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how to work out your diff ratio

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is there a simple way of working out what ratio your diff is without removing everything on the front? was thinking there must be a way of measuring how many revolutions of the wheel you get per turn of the prop. any suggestions more than welcome. thanks.

post-3069-1177109403.jpg

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If the rear diff is a known quatity (or one in another car for that matter) you could chock one side of the car then spin the diff noses and compare the number of revolutions of the road wheel for a given number of propshaft/diffnose revolutions

Lewis :)

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sounds pretty good, the problem is ive got myself into a real situation. i blew the front on a play day. i then replaced this with another, i compared the old and new before putting them in and they looked the same (pretty stupid now i think about it). i put it in and went for a test drive on some green lanes. after about 1/2 hr the back blew which makes me think that either the rear was either severely weakened in the incident that blew the front or ive been a real dipstick and put the wrong ratio diff in the front. the only way to tell is to do what you suggested and compare it with another before i take it out of a donor vehicle. the problem im having is tracking down second hand ones. thanks for your quick reply.

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The diff will most likely only be either 4.7:1 Series diff or a standard 3.54:1 and you should be able to tell the difference between them using the prop revolutions: 10 wheel revs will either produce 35 or 47 prop revs.

Counting the pinion and crownwheel teeth is of course the "correct" way but unless you have a "special" there are only two factory diff ratios and the vast majority of diffs out there will be the 3.54:1 which is what has been fitted in all 90/110/Defender, RR and Discovery vehicles.

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The diff will most likely only be either 4.7:1 Series diff or a standard 3.54:1 and you should be able to tell the difference between them using the prop revolutions: 10 wheel revs will either produce 35 or 47 prop revs.

Counting the pinion and crownwheel teeth is of course the "correct" way but unless you have a "special" there are only two factory diff ratios and the vast majority of diffs out there will be the 3.54:1 which is what has been fitted in all 90/110/Defender, RR and Discovery vehicles.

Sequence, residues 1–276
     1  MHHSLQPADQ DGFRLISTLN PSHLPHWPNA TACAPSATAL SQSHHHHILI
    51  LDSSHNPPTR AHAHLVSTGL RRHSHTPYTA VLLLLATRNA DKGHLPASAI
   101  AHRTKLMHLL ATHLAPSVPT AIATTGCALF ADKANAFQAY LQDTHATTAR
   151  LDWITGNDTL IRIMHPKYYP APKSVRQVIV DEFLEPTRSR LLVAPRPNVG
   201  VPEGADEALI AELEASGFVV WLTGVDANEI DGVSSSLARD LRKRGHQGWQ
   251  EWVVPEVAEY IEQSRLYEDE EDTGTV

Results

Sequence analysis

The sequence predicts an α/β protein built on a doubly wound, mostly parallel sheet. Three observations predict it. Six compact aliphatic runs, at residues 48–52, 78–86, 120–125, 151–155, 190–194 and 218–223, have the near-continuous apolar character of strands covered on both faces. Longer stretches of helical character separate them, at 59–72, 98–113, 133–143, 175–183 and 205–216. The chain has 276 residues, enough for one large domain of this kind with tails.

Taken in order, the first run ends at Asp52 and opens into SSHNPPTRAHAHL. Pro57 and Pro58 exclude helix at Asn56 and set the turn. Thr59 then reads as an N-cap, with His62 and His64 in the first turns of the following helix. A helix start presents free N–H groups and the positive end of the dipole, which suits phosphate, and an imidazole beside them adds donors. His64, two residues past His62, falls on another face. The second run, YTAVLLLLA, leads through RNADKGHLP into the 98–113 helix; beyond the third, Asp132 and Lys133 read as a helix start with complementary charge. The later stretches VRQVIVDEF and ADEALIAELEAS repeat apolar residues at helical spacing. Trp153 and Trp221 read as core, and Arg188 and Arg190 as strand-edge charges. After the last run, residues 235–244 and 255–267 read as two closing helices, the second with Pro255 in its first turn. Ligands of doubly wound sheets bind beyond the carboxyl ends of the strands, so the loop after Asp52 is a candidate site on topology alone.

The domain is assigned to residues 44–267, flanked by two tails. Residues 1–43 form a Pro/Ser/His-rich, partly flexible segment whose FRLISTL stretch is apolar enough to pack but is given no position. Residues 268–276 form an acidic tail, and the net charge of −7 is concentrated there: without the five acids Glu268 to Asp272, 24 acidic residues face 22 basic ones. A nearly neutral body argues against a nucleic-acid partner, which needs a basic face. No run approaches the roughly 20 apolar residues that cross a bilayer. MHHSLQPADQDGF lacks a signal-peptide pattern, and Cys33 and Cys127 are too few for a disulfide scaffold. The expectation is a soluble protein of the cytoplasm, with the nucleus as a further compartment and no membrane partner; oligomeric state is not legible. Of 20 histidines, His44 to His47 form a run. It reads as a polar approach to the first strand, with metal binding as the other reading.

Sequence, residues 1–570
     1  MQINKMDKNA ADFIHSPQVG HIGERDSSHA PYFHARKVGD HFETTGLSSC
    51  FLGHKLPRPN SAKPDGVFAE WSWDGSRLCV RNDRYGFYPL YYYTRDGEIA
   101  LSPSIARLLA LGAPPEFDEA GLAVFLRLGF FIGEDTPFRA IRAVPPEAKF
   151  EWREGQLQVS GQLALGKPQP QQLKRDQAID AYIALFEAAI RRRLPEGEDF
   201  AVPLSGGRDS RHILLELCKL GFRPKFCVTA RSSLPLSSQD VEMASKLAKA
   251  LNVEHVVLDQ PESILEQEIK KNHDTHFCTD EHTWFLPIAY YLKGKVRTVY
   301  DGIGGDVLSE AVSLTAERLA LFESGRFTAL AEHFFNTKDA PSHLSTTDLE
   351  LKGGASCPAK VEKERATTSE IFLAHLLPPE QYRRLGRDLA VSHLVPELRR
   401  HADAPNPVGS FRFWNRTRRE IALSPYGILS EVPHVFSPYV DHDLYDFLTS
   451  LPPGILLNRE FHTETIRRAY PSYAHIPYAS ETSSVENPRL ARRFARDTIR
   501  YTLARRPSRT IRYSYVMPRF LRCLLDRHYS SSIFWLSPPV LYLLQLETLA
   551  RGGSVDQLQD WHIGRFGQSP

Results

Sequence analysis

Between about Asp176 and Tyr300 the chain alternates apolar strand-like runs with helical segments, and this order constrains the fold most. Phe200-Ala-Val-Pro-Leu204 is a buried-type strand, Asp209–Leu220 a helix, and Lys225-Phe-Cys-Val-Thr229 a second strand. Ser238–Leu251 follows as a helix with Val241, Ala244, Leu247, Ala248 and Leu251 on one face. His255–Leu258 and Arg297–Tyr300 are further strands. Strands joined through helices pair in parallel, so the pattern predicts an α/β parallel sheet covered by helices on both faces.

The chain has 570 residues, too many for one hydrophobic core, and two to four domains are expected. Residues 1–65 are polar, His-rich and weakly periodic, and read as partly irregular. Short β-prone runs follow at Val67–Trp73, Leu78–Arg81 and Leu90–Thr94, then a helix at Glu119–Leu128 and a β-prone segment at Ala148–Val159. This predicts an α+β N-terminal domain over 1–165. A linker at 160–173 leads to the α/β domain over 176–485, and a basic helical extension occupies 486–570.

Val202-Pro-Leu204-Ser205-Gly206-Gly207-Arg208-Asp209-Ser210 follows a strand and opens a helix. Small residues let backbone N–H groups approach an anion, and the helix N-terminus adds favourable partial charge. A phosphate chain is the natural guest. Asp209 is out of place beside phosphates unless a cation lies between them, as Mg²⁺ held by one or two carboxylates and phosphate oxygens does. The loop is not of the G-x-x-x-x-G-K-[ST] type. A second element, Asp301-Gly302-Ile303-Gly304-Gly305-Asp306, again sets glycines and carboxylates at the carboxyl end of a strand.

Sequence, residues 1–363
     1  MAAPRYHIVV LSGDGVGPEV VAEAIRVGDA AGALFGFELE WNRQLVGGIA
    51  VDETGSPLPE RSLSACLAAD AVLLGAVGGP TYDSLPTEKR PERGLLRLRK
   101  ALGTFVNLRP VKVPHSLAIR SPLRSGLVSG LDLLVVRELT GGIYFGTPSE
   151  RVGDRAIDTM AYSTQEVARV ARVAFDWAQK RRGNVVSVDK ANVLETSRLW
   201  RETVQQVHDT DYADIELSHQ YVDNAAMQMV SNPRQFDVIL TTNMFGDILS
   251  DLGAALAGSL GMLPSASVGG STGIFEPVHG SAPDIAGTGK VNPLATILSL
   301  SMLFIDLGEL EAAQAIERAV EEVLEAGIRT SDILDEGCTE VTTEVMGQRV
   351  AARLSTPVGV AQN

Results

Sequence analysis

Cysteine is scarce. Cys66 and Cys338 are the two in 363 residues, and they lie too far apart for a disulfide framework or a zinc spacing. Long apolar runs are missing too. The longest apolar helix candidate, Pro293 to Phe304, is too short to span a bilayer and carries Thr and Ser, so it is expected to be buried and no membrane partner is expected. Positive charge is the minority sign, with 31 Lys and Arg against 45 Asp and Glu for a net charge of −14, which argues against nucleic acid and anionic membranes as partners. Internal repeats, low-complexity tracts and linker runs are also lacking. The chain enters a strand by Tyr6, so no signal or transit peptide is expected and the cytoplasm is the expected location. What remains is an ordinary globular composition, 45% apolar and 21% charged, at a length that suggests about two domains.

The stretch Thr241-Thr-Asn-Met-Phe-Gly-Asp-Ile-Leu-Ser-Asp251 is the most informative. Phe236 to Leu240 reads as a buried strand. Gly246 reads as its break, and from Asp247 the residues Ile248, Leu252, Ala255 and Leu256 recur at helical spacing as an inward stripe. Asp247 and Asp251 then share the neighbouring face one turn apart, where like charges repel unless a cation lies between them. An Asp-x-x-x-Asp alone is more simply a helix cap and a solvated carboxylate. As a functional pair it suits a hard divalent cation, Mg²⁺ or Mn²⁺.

Hope this isn't classed as highjacking a thread as on other forums.... I was just about to post a similar question, can you mix axles..?

I have a 98 110 TD5 bent rear axle, it looks to have tubes pressed into the diff housing, the 2nd hand one I just bought has a moulded all in one casing, if the ratios are the same I guess it can be fitted...?

If it turns out to be wrong and it will fit yours maybe we can help each other out here...??

Regards Dave

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Counting the pinion and crownwheel teeth is of course the "correct" way but unless you have a "special" there are only two factory diff ratios and the vast majority of diffs out there will be the 3.54:1 which is what has been fitted in all 90/110/Defender, RR and Discovery vehicles.

I have a pair of 4.1 ratio diffs from an ambulance, aparently a few 4.1 factory diffs were produced

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I have a 98 110 TD5 bent rear axle, it looks to have tubes pressed into the diff housing, the 2nd hand one I just bought has a moulded all in one casing, if the ratios are the same I guess it can be fitted...?

That sounds like a Salisbury axle, only fitted on the back of LWB's from late S2 to late 110's. No you can't mix diffs from them as they're physically different to the Rover axles.

Diff_Diffs.jpg

As for the original post, if it's a Range Rover, Defender or Discovery diff then it will be 3.54:1, I would think a Series one would be obviously different next to a coiler one as the ratios are different. Jack one wheel up and spin it to count prop revs, it's not rocket science. Everything coiler is 3.54:1, everything Series is 4.7:1 with the exception of Stage 1 V8 (3.54:1) and 101/FC which you wouldn't have one of anyway.

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Hope this isn't classed as highjacking a thread as on other forums.... I was just about to post a similar question, can you mix axles..?

I have a 98 110 TD5 bent rear axle, it looks to have tubes pressed into the diff housing, the 2nd hand one I just bought has a moulded all in one casing, if the ratios are the same I guess it can be fitted...?